Esperanto Language Staying Alive In Arizona And Beyond

By Stina Sieg
Published: Friday, June 5, 2015 - 9:35am
Updated: Friday, June 5, 2015 - 5:22pm
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(Photo by Stina Sieg - KJZZ)
Greg Kay, left, raised his son Linken to speak the invented language Esperanto - as his first language. Linken is one of an estimated 1,000 native Esperanto speakers worldwide.

The Esperanto language was invented more than 100 years ago with the hope of creating world peace through a tongue everyone would learn. That hasn’t happened, but Esperanto still holds mystique for many.

Esperanto ne estas morta (Esperanto is not dead).

The well-known language-learning platform Duolingo is even about to issue an Esperanto app. And here in Arizona, just like so many places in the world, there are few die-hard Esperantists.

On a recent afternoon, 10-year-old Linken Kay was throwing a ball for his dog around his backyard pool in Tucson.

Linken is a rarity — even within the Esperanto community. It’s estimated that anywhere between 200,000 and 2 million people speak the language worldwide. But there are only about 1,000 native speakers, like Linken. Esperanto was his first language, and still the main one he uses with his dad, Greg Kay.

“Having lived abroad, I realize that the language barrier is a significant barrier and can create many misunderstandings," Greg said.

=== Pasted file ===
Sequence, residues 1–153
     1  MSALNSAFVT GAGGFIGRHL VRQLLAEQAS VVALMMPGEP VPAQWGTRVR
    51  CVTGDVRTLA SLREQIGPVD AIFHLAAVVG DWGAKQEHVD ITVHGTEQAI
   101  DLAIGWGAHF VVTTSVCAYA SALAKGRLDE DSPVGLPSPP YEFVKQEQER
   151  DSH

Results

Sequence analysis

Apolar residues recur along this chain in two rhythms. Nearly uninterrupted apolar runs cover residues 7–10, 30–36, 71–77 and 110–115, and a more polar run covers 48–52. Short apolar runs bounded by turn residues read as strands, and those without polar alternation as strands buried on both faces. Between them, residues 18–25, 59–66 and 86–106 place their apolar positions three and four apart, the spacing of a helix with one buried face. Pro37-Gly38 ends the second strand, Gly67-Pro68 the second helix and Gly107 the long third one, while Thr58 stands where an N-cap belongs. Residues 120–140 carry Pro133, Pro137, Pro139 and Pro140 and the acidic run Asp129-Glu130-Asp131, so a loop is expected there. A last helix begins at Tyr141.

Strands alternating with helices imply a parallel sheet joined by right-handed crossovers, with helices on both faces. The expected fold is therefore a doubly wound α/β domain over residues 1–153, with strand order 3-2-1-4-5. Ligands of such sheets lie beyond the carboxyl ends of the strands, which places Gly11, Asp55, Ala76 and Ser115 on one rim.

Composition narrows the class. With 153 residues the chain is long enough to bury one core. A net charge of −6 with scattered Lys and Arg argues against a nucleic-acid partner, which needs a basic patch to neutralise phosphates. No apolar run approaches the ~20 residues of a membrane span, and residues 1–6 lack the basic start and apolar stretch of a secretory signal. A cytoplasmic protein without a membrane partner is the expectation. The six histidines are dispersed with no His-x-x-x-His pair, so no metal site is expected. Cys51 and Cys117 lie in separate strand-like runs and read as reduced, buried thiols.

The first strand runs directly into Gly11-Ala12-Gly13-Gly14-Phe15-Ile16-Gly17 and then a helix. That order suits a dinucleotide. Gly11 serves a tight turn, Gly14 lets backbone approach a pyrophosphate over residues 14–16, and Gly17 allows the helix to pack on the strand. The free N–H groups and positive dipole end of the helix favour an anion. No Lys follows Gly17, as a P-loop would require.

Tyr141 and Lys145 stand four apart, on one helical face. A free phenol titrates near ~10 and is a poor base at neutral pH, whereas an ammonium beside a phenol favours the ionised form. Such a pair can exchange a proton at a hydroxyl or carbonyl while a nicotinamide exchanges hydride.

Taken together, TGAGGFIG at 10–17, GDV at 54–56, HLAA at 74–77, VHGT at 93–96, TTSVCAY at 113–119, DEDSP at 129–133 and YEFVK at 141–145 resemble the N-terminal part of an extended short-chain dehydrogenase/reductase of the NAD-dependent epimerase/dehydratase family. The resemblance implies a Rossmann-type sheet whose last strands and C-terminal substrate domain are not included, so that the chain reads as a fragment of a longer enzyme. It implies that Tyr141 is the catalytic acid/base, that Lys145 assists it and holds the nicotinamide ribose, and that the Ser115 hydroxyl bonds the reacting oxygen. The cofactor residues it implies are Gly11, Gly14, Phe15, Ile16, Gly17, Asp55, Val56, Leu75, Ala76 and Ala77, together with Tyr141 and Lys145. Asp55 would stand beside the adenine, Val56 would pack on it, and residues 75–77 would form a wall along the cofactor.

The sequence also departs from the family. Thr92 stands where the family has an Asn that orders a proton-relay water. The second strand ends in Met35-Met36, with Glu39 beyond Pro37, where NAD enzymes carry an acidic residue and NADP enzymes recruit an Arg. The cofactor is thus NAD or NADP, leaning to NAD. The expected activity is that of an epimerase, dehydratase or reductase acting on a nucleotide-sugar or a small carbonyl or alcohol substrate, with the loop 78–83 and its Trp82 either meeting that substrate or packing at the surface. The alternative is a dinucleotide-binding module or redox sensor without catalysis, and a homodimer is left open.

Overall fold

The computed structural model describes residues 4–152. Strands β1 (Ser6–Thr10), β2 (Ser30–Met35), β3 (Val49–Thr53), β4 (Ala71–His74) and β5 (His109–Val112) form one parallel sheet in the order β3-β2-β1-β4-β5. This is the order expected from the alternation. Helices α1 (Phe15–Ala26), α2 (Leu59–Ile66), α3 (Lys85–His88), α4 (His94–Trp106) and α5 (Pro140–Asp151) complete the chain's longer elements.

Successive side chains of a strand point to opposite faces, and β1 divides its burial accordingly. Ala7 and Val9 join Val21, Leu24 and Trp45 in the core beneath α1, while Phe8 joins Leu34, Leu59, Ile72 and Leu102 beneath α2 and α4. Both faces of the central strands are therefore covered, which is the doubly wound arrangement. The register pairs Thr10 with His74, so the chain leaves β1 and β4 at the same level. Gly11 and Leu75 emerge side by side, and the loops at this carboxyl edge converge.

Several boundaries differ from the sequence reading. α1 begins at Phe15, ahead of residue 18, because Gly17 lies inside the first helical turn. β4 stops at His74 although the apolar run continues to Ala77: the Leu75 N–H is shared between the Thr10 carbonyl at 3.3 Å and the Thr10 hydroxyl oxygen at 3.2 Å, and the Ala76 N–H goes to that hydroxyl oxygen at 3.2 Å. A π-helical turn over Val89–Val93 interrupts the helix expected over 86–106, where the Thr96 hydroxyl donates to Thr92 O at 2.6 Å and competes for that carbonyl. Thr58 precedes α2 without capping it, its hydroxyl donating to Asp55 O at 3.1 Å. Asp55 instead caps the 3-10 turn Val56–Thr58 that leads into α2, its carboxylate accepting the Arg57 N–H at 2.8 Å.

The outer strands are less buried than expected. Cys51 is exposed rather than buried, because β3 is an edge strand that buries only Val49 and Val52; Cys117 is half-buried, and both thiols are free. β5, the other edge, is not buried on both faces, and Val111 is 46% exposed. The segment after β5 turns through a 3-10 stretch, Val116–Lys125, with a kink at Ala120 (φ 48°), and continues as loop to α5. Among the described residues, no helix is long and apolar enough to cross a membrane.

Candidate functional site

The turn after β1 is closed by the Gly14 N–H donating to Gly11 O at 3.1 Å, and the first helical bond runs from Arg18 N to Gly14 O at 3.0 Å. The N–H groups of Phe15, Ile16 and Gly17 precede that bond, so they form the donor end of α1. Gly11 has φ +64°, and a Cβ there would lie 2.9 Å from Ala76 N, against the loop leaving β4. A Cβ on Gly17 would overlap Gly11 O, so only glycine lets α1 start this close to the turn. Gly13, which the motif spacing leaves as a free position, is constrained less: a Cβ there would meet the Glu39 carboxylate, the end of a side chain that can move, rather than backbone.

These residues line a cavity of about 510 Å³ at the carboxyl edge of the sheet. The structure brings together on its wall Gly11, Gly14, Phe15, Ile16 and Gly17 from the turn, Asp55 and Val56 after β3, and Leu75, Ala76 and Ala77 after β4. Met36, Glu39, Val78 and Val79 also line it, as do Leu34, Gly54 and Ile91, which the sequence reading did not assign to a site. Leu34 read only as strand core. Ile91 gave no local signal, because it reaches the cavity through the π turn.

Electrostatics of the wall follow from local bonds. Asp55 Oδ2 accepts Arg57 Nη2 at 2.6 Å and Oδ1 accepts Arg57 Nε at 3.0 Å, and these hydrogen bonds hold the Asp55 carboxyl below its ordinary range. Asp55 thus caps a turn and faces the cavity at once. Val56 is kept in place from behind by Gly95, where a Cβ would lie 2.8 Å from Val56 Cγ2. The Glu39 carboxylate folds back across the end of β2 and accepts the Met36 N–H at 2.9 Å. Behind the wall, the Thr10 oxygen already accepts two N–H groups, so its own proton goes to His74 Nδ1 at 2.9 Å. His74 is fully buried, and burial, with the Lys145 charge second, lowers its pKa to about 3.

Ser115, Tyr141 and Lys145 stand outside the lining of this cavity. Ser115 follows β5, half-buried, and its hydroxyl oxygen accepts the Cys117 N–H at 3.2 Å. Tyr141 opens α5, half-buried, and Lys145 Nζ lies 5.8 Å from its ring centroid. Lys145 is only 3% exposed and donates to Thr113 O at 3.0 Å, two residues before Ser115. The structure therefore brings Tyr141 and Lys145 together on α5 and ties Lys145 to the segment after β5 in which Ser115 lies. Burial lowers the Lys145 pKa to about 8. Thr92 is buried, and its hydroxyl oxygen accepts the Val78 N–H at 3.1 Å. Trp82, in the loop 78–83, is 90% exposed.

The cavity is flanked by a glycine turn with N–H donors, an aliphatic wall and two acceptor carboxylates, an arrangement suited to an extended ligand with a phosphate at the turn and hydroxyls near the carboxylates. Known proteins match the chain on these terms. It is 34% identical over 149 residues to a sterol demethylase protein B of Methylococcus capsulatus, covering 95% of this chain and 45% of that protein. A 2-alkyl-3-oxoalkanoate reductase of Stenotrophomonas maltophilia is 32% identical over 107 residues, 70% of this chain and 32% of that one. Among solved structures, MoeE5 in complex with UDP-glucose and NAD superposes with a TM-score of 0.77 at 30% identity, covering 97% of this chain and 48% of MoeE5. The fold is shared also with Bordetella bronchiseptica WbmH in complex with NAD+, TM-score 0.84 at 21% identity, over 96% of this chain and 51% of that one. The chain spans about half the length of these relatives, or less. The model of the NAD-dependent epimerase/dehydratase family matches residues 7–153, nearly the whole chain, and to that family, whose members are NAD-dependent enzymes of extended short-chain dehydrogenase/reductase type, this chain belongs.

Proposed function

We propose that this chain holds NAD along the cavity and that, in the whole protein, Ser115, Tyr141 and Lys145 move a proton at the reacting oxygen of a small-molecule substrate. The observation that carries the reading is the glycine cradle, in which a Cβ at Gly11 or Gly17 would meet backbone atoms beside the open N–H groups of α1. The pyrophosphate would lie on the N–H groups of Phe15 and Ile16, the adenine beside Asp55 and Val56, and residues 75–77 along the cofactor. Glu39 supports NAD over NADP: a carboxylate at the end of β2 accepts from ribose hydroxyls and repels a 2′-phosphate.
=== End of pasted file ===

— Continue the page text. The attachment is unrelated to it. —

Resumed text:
Greg used the language while traveling when he was younger. In fact, the free hospitality network he used then still exists. It’s called Pasporta Servo, and it lists Esperanto speakers willing to open their homes to fellow Esperantists.

“Thanks to Esperanto, I’ve met many people that I would have just passed by otherwise, many fascinating people," Greg said.

Humphrey Tonkin isn’t one of them, but the professor of humanities at the University of Hartford in Connecticut had a similar experience. Growing up in England, he taught himself Esperanto at 14, and then used it to travel across Eastern Europe and beyond. He said Esperanto creates a kind of “level playing field,” because it’s a second language for almost everyone who speaks it.

“The result is that you’re kind of lifted out of your own cultural limitations,” Tonkin said. “And you’re really in an authentically international environment.”  

Maybe that is what has kept Esperanto alive, even though the rise of English could have killed it off. Tonkin said it also could have faded away during both world wars, when its speakers were persecuted. Instead, he thinks the language is actually growing, though he knows it’s incredibly hard to gauge.

At this point, learning Esperanto is kind of — “dare I use the word, a kind of Utopian thing?” he said.

Especially since the world is full of problems, he added, many of them getting worse.

“But that’s all the more reason for hanging on to those things that will make the world a better place. We just need to get together better,” Tonkin said. “And maybe Esperanto is one of the ways we can do it.”

Back in Tucson, Greg and Linken Kay were using Esperanto, but not to talk about world peace. They were chatting about the baby birds living in a nest outside their house. Greg joked that when Esperanto is made the official language of the United Nations, raising his son this way will be validated.

More seriously, though, he said he has no regrets about giving Linken the gift of this language.

“Again, a language that perhaps is not going to going to give you any sort of reward in the future,” Greg said. “It’s a different kind of reward, and often times, a much richer reward.”

And one that Linken might share with his kids someday.

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